- USD/JPY is like all other pairs focused on US debt negotiations
- However, interest rate differentials hugely support the Dollar
- GBP/JPY remains bid as UK inflation numbers strongly suggest rates must rise further
The Japanese Yen remains close to six-month lows against the United States Dollar on Wednesday despite mounting concerns over US debt-ceiling negotiations.
Treasury Secretary Janet Yellen has warned that Washington could run out of cash by June 1 if Congress can’t raise the ceiling. While the overwhelming likelihood must be that a deal will be done in time, this particular act of the long-running Federal debt saga could go down to the wire, jangling global market nerves in the process.
USD/JPY remains largely driven by interest rate differentials, however, with the Japanese central bank alone among major monetary players in pursuing a loose monetary policy despite rampant global inflation. The Bank of Japan has been attempting for decades to stimulate domestic demand and, with the current inflationary wave still judged transitory, it remains on this course.
The US, meanwhile, could yet see further interest rate rises, adding to the US Dollar’s charms against the Japanese unit. The Yen has some charms of its own, however. Data on Tuesday showed that Japan’s manufacturing sector rebounded in May for the first time in seven months, while the service sector experienced a record month of growth. Both sectors seem to be shrugging off their Covid-induced malaise. The Nikkei 225 benchmark stock index is also doing well, attracting foreign investors with the Tokyo Stock Exchange’s push for better corporate governance and, of course, via that weaker Yen which makes Japanese assets a relative bargain for offshore players.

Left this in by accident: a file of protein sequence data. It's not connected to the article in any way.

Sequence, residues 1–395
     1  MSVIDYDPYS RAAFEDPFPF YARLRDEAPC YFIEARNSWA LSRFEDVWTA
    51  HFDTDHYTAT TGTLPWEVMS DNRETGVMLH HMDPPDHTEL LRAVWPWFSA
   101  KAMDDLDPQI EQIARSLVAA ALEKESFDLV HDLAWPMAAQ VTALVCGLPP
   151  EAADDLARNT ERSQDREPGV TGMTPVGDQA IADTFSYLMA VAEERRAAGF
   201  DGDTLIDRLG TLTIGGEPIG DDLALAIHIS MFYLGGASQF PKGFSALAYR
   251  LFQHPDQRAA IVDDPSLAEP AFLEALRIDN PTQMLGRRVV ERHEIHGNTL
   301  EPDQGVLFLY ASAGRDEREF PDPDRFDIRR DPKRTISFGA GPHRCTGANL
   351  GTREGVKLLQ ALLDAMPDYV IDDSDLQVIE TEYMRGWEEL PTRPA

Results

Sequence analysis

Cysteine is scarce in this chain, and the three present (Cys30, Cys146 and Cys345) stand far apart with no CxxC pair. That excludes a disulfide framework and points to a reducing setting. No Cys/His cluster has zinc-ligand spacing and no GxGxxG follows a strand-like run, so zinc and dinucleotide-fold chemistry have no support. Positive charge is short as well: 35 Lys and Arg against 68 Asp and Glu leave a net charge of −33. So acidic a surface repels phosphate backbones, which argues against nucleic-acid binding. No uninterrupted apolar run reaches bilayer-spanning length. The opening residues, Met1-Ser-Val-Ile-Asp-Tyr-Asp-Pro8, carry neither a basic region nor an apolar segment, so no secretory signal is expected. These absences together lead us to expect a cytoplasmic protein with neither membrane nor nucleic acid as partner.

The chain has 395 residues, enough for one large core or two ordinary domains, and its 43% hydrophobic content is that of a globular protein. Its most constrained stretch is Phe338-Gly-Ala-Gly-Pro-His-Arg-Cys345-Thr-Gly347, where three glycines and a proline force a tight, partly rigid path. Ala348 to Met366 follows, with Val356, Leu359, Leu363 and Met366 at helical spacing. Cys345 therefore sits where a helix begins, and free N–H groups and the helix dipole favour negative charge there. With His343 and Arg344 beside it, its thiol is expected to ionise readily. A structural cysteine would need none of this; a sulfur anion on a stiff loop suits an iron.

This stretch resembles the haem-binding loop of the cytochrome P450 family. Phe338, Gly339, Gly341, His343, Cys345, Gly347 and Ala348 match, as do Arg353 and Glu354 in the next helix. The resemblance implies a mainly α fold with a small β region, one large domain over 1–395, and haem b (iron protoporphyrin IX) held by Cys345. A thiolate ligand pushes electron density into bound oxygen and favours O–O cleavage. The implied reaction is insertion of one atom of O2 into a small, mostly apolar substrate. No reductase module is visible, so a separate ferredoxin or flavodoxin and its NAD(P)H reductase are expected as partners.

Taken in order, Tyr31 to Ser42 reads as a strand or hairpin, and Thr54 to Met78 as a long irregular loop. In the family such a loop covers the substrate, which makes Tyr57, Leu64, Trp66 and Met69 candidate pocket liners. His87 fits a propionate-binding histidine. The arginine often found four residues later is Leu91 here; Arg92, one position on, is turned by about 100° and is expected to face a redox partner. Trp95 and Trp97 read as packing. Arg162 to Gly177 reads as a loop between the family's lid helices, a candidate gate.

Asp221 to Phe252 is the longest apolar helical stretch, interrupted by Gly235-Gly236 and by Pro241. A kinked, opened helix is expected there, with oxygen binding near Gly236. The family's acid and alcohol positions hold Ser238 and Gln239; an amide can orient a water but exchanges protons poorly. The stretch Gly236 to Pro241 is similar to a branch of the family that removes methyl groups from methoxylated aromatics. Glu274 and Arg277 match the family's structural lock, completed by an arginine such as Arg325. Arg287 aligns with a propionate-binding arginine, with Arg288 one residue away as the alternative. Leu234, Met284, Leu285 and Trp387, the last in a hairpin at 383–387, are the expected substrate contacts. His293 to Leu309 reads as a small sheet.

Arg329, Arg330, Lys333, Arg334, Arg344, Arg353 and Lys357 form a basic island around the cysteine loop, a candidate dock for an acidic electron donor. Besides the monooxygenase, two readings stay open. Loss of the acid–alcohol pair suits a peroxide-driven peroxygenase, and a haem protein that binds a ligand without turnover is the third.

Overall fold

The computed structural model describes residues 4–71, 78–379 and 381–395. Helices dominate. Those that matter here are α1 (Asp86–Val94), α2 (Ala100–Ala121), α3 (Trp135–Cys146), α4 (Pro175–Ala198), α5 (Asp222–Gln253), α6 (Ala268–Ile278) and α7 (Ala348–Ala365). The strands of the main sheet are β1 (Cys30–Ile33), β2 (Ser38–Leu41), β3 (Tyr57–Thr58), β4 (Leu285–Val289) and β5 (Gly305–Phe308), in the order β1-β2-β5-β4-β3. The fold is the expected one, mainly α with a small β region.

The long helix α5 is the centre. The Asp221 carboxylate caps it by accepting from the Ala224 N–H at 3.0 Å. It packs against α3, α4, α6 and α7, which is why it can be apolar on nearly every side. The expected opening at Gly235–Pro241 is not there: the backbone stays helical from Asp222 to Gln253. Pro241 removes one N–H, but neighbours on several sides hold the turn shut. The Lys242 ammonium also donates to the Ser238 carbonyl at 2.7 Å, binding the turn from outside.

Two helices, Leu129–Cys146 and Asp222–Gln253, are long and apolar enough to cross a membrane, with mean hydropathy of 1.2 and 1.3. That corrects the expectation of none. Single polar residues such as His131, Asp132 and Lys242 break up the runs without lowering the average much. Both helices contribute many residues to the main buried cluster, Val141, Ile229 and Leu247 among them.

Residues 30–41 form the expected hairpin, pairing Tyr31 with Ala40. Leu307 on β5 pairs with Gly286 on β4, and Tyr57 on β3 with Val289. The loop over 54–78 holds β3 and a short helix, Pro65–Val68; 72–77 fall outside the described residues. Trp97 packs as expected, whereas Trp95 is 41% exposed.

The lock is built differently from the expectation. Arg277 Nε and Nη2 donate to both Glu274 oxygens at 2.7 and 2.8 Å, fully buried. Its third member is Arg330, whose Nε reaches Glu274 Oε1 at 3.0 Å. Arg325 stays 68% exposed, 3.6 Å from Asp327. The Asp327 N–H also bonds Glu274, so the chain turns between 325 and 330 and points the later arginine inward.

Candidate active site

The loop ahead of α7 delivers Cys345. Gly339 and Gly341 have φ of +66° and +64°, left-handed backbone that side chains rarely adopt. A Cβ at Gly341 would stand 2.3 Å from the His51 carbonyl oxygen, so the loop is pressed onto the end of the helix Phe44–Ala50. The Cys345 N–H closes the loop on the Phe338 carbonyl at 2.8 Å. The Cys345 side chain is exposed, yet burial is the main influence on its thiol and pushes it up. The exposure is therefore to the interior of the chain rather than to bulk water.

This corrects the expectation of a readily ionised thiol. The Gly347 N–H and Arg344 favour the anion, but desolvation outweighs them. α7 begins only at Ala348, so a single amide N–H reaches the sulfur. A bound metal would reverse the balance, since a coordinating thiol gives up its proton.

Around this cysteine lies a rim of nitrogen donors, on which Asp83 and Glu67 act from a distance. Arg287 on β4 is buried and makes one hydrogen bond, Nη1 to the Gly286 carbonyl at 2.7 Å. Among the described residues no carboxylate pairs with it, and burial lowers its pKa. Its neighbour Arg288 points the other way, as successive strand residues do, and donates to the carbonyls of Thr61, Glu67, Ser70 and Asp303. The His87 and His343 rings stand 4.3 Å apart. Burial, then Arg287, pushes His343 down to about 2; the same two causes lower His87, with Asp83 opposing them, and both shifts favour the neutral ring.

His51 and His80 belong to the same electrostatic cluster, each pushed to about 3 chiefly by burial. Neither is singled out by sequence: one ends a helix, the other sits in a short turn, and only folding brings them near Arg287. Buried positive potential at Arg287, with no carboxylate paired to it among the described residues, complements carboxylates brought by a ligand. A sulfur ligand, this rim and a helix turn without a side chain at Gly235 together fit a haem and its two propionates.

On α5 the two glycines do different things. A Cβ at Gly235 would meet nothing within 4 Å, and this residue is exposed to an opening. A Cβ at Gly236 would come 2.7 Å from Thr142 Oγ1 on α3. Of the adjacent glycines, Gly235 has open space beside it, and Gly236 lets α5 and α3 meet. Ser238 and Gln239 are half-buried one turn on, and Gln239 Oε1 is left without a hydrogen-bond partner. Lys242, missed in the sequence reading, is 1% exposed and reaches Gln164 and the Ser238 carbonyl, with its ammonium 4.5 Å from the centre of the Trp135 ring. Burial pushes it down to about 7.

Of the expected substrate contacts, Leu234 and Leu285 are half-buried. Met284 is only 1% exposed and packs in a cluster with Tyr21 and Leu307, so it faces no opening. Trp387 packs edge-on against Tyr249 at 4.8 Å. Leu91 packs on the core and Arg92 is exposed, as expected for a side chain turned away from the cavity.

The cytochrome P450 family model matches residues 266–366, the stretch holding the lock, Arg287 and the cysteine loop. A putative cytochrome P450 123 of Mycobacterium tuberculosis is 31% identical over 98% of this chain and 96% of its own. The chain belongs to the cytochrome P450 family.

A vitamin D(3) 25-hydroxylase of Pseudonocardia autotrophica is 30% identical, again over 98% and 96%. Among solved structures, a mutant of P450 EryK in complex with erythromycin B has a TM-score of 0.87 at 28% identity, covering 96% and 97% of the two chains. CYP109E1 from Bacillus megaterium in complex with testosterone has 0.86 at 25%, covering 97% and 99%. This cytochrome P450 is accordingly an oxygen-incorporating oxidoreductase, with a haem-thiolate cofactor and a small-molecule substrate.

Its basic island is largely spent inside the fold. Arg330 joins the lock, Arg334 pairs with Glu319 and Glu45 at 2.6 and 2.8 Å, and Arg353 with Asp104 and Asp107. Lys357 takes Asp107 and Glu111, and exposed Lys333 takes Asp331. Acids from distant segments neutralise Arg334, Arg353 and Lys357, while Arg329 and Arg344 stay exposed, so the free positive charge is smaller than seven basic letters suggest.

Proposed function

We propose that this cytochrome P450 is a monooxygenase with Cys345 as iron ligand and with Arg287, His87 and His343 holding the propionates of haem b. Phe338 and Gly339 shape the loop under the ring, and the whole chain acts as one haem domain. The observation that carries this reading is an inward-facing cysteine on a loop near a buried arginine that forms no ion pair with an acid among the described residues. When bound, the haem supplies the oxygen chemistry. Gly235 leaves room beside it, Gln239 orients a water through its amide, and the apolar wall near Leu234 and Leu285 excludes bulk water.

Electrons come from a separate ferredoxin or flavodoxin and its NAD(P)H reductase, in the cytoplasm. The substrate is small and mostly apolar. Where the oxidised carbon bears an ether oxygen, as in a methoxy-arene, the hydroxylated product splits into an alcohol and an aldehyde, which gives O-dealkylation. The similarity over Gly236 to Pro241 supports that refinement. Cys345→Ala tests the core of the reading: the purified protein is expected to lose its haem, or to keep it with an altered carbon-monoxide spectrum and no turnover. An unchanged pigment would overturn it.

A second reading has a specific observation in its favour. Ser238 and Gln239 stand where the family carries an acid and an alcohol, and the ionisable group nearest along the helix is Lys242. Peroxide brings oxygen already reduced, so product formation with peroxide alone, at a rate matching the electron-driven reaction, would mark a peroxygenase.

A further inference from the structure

The Japanese Yen’s broad weakness is perhaps best illustrated by its performance against the British Pound. Interest rates are doing the heavy lifting here, too, of course, and with inflation perhaps stickier in the United Kingdom than in any other major economy, the Yen is likely to face further pressure against the British currency.
Headline UK inflation fell in April, albeit by less than economists had expected. At an annualized rate of 8.4%, it came in below the 9% level for the first time in a year. However, that deceleration will offer scant hope to consumers, with food prices still surging. Given this data, it’s all but certain that UK borrowing costs have further to rise, with GBP/JPY pricing that risk accordingly with a rise to seven-year highs this year.
The rest of Wednesday’s session offers little in terms of first-tier economic cues, Markets will get a look at the minutes of the last Federal Open Market Committee meeting but they’re unlikely to wrest focus from the debt ceiling for long.
GBP/JPY Daily Price Chart
USD/JPY Technical Analysis
USD/JPY remains close to the top of the broad daily-chart uptrend channel which has bounded trade since March 24 and which is in any case an extension of the rise up from the lows of January 2022.
Trade has been noticeably more rangebound in the last week or so, with Dollar bulls reluctant to test the channel top which comes in at 139.58 on Wednesday. Still, they have managed to consolidate above the previous significant high, March 7’s intraday peak of 137.94.
Still, bulls look reluctant to probe much higher at present, with further rises likely confined to that channel. Support comes in at 137.62, May 1’s intraday high. The current uptrend looks safe enough unless the channel base at 134.84 is threatened.
Still, IG’s own sentiment indicator suggests that the bulls may be losing heart after a long run higher. Only 31% of respondents declare themselves bullish at current levels.
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USD/JPY Daily Price Chart